The Magazine


Nov 6, 1995, Vol. 1, No. 08 • By JEREMY RABKIN
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But this explanation also fails, in the end, to account for Souter's performance. For even where he had much prior experience with issues before the court, Souter has still moved notably to the left. Nothing better illustrates this than his approach to criminal procedure cases -- those disputing whether police and prosecutors have played fair with the accused. Such cases, in fact, generate a continual stream of appeals to the New Hampshire Supreme Court, and Souter's rulings in this area gave him a reputation for being hardnosed. Liberal critics of his confirmation in 1990 accused him of being "pro-prosecution." In New Hampshire, Souter had voted " to uphold a state "sobriety check point" imposed at random on passing motorists. He also endorsed the use of a "pen register," providing information on phone calls placed by criminal suspects, without use of a search warrant. These were not, Souter held, violations of the Fourth Amendment prohibition against unreasonable "searches," because the defendants had no legitimate "expectation of privacy" in these matters.

That Souter is no more. This past year, Souter dissented from the court's decision upholding a school district's policy of mandatory drug testing for high school athletes. As Scalia noted, the athletes regularly stand naked in the showers with each other, so it is hard to understand how they can claim strong expectations of "privacy." Even Ginsburg and Breyer went along with the majority. But Souter found drug testing in this setting an intolerable intrusion.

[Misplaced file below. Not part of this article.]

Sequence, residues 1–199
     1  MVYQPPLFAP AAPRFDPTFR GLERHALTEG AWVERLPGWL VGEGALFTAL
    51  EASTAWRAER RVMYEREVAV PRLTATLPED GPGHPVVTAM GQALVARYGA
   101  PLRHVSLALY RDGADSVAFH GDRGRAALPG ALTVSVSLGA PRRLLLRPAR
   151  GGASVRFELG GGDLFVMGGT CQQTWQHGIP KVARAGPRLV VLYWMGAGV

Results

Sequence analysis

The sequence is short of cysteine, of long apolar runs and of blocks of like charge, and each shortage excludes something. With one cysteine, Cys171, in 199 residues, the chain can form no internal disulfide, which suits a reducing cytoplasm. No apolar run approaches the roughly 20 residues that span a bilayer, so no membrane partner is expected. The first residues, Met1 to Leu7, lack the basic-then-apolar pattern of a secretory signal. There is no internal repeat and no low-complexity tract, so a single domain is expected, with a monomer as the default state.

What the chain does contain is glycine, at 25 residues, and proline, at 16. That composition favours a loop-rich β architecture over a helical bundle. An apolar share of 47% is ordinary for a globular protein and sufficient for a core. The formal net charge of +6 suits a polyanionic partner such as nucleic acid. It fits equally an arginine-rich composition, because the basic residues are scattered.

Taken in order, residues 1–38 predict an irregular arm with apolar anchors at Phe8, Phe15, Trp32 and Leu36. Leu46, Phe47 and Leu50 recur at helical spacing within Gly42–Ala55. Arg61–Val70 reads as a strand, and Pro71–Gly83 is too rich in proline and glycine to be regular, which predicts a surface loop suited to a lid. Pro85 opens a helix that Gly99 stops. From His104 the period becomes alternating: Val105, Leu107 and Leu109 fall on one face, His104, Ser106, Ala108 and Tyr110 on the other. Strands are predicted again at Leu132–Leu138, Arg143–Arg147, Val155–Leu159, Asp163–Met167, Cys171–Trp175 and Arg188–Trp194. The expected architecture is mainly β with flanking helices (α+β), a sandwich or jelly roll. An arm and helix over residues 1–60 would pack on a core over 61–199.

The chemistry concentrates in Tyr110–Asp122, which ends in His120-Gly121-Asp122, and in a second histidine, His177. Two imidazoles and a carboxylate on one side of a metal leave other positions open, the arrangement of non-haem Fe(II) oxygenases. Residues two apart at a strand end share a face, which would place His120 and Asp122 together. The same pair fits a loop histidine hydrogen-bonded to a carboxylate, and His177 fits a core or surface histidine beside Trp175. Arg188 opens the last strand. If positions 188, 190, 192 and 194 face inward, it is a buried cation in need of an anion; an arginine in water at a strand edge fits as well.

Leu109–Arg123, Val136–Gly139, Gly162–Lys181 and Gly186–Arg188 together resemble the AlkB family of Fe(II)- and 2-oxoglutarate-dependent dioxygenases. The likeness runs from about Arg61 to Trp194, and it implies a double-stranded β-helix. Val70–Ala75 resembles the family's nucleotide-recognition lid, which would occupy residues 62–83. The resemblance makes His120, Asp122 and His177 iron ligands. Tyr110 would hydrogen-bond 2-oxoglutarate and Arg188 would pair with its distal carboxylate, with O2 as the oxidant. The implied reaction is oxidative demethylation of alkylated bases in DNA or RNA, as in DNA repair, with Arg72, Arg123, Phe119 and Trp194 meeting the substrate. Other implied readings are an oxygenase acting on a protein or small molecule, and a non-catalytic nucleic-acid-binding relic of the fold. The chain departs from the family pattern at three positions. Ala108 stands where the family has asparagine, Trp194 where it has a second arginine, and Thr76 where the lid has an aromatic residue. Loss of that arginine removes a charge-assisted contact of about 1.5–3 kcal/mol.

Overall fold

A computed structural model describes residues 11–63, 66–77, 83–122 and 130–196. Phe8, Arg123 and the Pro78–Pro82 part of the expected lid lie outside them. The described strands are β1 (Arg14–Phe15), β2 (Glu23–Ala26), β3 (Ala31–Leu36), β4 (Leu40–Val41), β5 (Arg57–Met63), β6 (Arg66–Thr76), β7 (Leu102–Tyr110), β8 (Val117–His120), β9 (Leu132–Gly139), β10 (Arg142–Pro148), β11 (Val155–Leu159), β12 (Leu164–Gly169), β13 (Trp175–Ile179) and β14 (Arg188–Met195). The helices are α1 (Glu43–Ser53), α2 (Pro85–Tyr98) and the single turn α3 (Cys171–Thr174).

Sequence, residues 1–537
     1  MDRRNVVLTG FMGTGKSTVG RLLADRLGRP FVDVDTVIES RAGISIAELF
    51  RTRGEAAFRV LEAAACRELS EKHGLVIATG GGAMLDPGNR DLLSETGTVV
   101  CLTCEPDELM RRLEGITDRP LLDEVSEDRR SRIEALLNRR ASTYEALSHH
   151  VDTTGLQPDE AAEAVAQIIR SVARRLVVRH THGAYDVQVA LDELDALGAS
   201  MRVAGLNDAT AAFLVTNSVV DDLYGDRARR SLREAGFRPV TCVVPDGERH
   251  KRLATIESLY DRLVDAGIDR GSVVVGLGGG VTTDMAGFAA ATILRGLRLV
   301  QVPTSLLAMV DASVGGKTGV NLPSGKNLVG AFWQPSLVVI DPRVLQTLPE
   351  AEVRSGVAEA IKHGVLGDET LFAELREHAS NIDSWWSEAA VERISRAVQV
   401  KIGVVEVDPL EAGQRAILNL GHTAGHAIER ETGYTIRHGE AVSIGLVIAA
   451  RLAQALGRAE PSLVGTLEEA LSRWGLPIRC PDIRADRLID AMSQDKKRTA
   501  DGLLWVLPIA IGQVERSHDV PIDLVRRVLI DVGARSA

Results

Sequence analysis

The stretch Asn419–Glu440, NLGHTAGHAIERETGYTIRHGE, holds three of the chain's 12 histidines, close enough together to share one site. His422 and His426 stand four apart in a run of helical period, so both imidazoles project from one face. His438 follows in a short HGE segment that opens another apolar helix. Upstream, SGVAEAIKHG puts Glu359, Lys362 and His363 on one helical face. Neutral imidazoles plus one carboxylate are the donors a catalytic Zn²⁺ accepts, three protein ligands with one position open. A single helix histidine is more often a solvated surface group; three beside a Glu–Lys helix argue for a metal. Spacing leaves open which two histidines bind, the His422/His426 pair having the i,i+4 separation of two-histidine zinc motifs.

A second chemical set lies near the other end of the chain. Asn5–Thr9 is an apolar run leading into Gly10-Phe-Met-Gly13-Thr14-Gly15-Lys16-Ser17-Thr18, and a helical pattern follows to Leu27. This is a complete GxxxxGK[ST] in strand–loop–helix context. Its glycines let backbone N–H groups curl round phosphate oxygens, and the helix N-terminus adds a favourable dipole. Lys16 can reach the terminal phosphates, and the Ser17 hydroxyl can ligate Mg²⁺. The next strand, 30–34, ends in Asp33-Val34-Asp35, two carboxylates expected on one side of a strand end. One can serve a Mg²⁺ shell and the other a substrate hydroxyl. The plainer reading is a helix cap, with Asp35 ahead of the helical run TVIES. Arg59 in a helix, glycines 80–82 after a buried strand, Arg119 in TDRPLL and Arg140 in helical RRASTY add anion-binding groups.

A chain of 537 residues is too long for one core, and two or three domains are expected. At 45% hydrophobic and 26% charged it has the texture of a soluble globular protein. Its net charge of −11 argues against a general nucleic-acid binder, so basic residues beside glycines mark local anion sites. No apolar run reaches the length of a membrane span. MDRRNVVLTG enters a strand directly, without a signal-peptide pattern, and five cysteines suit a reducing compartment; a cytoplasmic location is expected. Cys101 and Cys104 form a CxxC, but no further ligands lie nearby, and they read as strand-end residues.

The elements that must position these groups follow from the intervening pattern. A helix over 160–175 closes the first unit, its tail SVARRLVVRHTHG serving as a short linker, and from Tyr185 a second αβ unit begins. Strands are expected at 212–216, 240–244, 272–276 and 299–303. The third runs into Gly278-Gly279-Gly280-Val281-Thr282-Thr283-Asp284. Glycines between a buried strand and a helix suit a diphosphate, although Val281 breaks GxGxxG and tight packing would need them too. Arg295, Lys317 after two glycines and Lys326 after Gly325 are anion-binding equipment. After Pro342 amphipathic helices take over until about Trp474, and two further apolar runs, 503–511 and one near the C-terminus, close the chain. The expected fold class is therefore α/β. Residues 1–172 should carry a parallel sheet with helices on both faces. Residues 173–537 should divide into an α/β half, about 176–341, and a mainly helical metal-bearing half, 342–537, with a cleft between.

As a New Hampshire judge, Souter was generally reluctant to overturn criminal convictions on technical grounds. Joseph Grano, a law professor commissioned by conservative groups to review his New Hampshire record for the confirmation proceedings, concluded that Souter "does not reverse criminal convictions lightly. . . . When he finds error [by the trial court] Souter is not willing to reverse convictions to achieve a speculative deterrent effect or merely to make a point. Rather, if the error is truly " harmless' . . . he will affirm the conviction."

Once again, we face a new Souter. In 1995, for example, Souter voted with a narrow majority to overturn the murder conviction of an Arizona man on the grounds that evidence potentially favorable to the accused had not been presented to the jury. Scalia, in a dissent joined by Kennedy, Clarence Thomas, and William Rehnquist, noted that two lower federal courts and all the state courts had rejected the claim at issue -- that excluded evidence could show that the accused was "the victim of a 'frame up' by the police informer and evil genius [known as] Beanie." When the court's liberal bloc recently sought to expand federal review of state-level capital-punishment convictions -- by liberalizing the standard for such appeals from "clear and convincing evidence" of "actual innocence" to the easier claim that wrongful conviction "has probably resulted" -- Souter joined them unreservedly.